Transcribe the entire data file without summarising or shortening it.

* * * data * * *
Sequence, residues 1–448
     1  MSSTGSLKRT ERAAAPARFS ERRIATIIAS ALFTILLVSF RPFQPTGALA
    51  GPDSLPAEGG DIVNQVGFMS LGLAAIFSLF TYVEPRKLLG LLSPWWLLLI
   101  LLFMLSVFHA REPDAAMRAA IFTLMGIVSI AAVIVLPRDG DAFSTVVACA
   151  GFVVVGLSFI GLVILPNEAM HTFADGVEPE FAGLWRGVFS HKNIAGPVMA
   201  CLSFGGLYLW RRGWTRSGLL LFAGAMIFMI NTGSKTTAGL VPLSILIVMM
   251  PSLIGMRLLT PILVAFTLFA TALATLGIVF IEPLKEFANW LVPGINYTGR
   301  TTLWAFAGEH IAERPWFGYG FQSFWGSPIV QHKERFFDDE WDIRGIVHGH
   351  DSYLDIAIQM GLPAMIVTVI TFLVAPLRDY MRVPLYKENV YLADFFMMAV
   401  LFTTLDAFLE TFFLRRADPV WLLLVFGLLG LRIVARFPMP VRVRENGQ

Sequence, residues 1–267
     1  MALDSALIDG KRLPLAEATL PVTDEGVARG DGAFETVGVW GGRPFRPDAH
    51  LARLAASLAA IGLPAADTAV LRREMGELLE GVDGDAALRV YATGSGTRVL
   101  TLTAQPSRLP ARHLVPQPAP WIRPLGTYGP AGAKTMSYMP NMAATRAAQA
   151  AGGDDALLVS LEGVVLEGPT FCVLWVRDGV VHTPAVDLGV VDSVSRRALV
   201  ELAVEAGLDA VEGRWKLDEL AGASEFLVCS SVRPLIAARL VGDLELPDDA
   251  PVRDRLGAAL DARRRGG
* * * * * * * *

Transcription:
Sequence, residues 1–448
     1  MSSTGSLKRT ERAAAPARFS ERRIATIIAS ALFTILLVSF RPFQPTGALA
    51  GPDSLPAEGG DIVNQVGFMS LGLAAIFSLF TYVEPRKLLG LLSPWWLLLI
   101  LLFMLSVFHA REPDAAMRAA IFTLMGIVSI AAVIVLPRDG DAFSTVVACA
   151  GFVVVGLSFI GLVILPNEAM HTFADGVEPE FAGLWRGVFS HKNIAGPVMA
   201  CLSFGGLYLW RRGWTRSGLL LFAGAMIFMI NTGSKTTAGL VPLSILIVMM
   251  PSLIGMRLLT PILVAFTLFA TALATLGIVF IEPLKEFANW LVPGINYTGR
   301  TTLWAFAGEH IAERPWFGYG FQSFWGSPIV QHKERFFDDE WDIRGIVHGH
   351  DSYLDIAIQM GLPAMIVTVI TFLVAPLRDY MRVPLYKENV YLADFFMMAV
   401  LFTTLDAFLE TFFLRRADPV WLLLVFGLLG LRIVARFPMP VRVRENGQ

Sequence, residues 1–267
     1  MALDSALIDG KRLPLAEATL PVTDEGVARG DGAFETVGVW GGRPFRPDAH
    51  LARLAASLAA IGLPAADTAV LRREMGELLE GVDGDAALRV YATGSGTRVL
   101  TLTAQPSRLP ARHLVPQPAP WIRPLGTYGP AGAKTMSYMP NMAATRAAQA
   151  AGGDDALLVS LEGVVLEGPT FCVLWVRDGV VHTPAVDLGV VDSVSRRALV
   201  ELAVEAGLDA VEGRWKLDEL AGASEFLVCS SVRPLIAARL VGDLELPDDA
   251  PVRDRLGAAL DARRRGG